Compact Implementation Coalition
Press Release

Public Overwhelmingly Opposed To Wisconsin’s Great Lakes Diversion Proposal

99% of more than 11,200 comments indicate opposition or serious concern regarding City of Waukesha's proposed Great Lakes diversion

By - Apr 13th, 2016 08:55 am
Great Lakes watershed. Image: Great Lakes Commission

Great Lakes watershed. Image: Great Lakes Commission

MILWAUKEE — In a remarkable demonstration of public interest, more than 11,200 public comments were submitted to the Regional Body and Compact Council on the City of Waukesha, Wisconsin’s application to divert Great Lakes water. More than 99% of those comments explicitly opposed or expressed concern over Waukesha’s request.

Notably, of the 315 Tribes, First Nations, governments, elected leaders, organizations and associations that submitted or signed on to comments regarding Waukesha’s application, 256 explicitly opposed, expressed concern or had unanswered questions about the City of Waukesha’s application. In fact, in six of the eight Great Lakes states and both Canadian provinces, not a single Tribe, First Nation, Government, elected leader, organization or association submitted or signed on to a comment explicitly supporting Waukesha’s application as written.

“Anyone paying attention to the polarized nature of today’s political climate knows this level of agreement across political divides and international boundaries is nothing short of astounding,” says Jodi Habush Sinykin of Midwest Environmental Advocates. “The extent of public concern and outcry shown, speaks to how important this first-of-its-kind regional decision will be seen by citizens throughout the Great Lakes region.”

With the public comment period having closed on March 14, the Great Lakes and St. Lawrence River Basin Regional Body and Great Lakes and St. Lawrence River Basin Compact Council – composed of the eight Great Lakes governors and two Canadian premiers – will meet later this month to reach a decision on the fate of this diversion application. Only the eight Great Lakes governors are allowed to vote, but a significant level of deference will be given to any objection from the Canadian premiers. While states may abstain from voting, their silence is considered a yes vote. Only one no vote is required to deny the application. Or, the application may be approved, or it may be approved with conditions attached.

“The public has definitely spoken on this topic, and we feel strongly those voices need to be heard,” says Jennifer Bolger Breceda of Milwaukee Riverkeeper. “We hope this outpouring signals to the Regional Body and Compact Council that they need to take these many, many concerns into consideration while reviewing this flawed proposal and deny Waukesha’s diversion request.”

For comprehensive information about the Great Lakes Compact and Waukesha’s application to divert water, visit www.protectourgreatlakes.org.

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Waukesha water diversion application will set precedent for adherence to Great Lakes Compact

Eight Great Lakes governors and two Canadian premiers ask Great Lakes citizens to chime in

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6 thoughts on “Public Overwhelmingly Opposed To Wisconsin’s Great Lakes Diversion Proposal”

  1. Thomas says:

    I have been told that some words in Latin on the Milwaukee County Courthouse can be translated as “the voice of the people is the voice of God.” The voice of the people against the diversion of Lake Michigan water to Waukesha may not be as authoritative at the Latin inscription, but the 99% who oppose the diversion have spoken with astonishing conviction.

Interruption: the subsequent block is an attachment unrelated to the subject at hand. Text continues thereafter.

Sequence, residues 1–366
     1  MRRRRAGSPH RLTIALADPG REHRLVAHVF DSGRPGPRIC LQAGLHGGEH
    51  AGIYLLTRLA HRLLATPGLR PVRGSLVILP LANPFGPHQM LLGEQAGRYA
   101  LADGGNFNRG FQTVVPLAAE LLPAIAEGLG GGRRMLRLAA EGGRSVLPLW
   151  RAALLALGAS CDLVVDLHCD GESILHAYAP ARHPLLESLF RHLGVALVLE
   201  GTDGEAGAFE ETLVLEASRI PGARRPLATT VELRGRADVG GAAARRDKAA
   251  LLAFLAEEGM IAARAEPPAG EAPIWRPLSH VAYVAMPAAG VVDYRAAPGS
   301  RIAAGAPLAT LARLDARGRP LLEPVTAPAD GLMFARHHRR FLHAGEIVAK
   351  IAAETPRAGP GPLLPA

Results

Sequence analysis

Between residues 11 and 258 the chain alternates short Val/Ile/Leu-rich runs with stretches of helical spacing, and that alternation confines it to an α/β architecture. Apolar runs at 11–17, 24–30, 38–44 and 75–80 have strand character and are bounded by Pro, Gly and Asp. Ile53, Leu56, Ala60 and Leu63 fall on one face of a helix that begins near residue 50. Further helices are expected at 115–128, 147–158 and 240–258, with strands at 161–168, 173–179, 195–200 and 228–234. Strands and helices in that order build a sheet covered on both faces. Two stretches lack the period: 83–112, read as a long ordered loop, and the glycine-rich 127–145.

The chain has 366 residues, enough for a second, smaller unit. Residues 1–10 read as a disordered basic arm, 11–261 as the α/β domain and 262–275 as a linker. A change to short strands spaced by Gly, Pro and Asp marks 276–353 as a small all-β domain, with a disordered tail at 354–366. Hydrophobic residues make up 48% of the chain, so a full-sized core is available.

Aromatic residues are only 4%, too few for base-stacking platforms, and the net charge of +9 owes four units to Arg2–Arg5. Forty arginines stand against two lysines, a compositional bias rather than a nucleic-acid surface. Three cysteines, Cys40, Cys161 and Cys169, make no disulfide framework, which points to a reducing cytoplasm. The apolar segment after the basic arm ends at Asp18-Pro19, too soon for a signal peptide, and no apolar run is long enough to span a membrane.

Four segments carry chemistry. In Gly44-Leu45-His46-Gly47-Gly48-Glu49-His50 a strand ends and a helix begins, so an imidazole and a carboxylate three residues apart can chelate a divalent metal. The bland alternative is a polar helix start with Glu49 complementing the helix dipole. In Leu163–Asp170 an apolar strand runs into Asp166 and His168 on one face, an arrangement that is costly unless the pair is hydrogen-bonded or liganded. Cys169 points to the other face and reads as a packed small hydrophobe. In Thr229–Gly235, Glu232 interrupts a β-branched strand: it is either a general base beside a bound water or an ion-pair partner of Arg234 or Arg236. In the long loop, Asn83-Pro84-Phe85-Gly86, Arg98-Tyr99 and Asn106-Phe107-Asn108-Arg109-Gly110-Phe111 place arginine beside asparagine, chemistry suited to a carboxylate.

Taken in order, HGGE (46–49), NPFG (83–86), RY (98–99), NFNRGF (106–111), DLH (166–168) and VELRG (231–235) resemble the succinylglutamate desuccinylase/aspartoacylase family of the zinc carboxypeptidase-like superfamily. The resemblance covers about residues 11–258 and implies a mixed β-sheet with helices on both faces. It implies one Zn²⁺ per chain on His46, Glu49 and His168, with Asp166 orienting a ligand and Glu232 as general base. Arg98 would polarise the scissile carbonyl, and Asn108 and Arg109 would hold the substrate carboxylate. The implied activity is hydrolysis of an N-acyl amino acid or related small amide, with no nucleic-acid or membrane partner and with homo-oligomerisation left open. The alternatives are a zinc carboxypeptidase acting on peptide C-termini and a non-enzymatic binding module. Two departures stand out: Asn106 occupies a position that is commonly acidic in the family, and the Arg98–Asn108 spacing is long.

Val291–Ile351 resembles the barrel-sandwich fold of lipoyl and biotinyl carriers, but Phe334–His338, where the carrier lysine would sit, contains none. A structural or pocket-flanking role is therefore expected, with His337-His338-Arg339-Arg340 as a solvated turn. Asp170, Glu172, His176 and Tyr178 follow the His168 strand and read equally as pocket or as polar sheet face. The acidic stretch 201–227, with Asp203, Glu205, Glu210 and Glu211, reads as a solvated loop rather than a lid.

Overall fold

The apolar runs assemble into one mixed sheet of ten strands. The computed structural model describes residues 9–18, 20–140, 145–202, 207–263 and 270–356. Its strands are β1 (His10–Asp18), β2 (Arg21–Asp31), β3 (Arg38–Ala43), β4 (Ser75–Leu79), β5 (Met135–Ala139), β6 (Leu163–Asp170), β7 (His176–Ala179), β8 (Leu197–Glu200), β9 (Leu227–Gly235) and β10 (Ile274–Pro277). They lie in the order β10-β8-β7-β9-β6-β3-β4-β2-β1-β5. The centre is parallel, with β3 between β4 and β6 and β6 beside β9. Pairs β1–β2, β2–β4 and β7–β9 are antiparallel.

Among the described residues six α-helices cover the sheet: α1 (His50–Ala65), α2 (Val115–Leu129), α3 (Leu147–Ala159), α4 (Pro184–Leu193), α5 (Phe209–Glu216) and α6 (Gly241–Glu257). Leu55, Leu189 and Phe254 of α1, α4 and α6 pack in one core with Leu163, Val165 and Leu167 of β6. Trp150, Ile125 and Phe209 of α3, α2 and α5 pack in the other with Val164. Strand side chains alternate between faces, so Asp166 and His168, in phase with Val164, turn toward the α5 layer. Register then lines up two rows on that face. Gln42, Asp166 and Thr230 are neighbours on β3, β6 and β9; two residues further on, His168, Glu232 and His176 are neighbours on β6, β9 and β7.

2. Rick says:

    Not a well-written article. Who is proposing what? Why do they want it? How and when is it to happen? What were the main objections?

  3. Marc Clements says:

    That’s as poorly written as I’ve ever seen. Thanks for no content.

  4. Gary says:

    Search the site for collection of related articles.
    In any case, Waukesha’s history speaks for itself: when a city like Waukesha destroyed natures gift of natural springs that were developed into a nationally renowned industry of spas and related attractions in the 19th C. why would anyone assume they care about stewardship of water that isn’t inherently theirs in the 21st C.?

  5. AG says:

    Gary, you’re blaming the residents of Waukesha for decisions made 150 years ago? If that is the case, then we in Milwaukee shouldn’t get all the federal money to clean our water ways that we destroyed during the same time period. But since most people are logical and realize now what was done and actually care, we did(are) get(ting) the money.

  6. Thomas says:

    Past abuses of waterways are not as important in this issue as future considerations. Yes, the citizens of Milwaukee did great harm to the Milwaukee River in the past, but that river is being restored. There were only 2 species of fish in the Milwaukee River below North Avenue before the North Avenue Dam was demolished. There are now more than 30 species of fish there.

    A larger potential future concern involves diversion of Great Lakes water to areas outside of the Great Lakes watershed. Before the Great Lakes Compact was signed, former Texas Congressman Tom Delay bragged that he had plans to steal water from the Great Lakes for use in Texas. I haven’t heard such talk since the Compact was signed, requiring unanimity among 8 governors and the input of 2 Canadian Provincial Premieres before water would be allowed to be diverted from the Great Lakes.

    I was heartened by the article that recorded a 99% disapproval in public comment on the proposed Waukesha diversion because I think it showed that the majority of people who have given this subject sufficient thought have considered the future.

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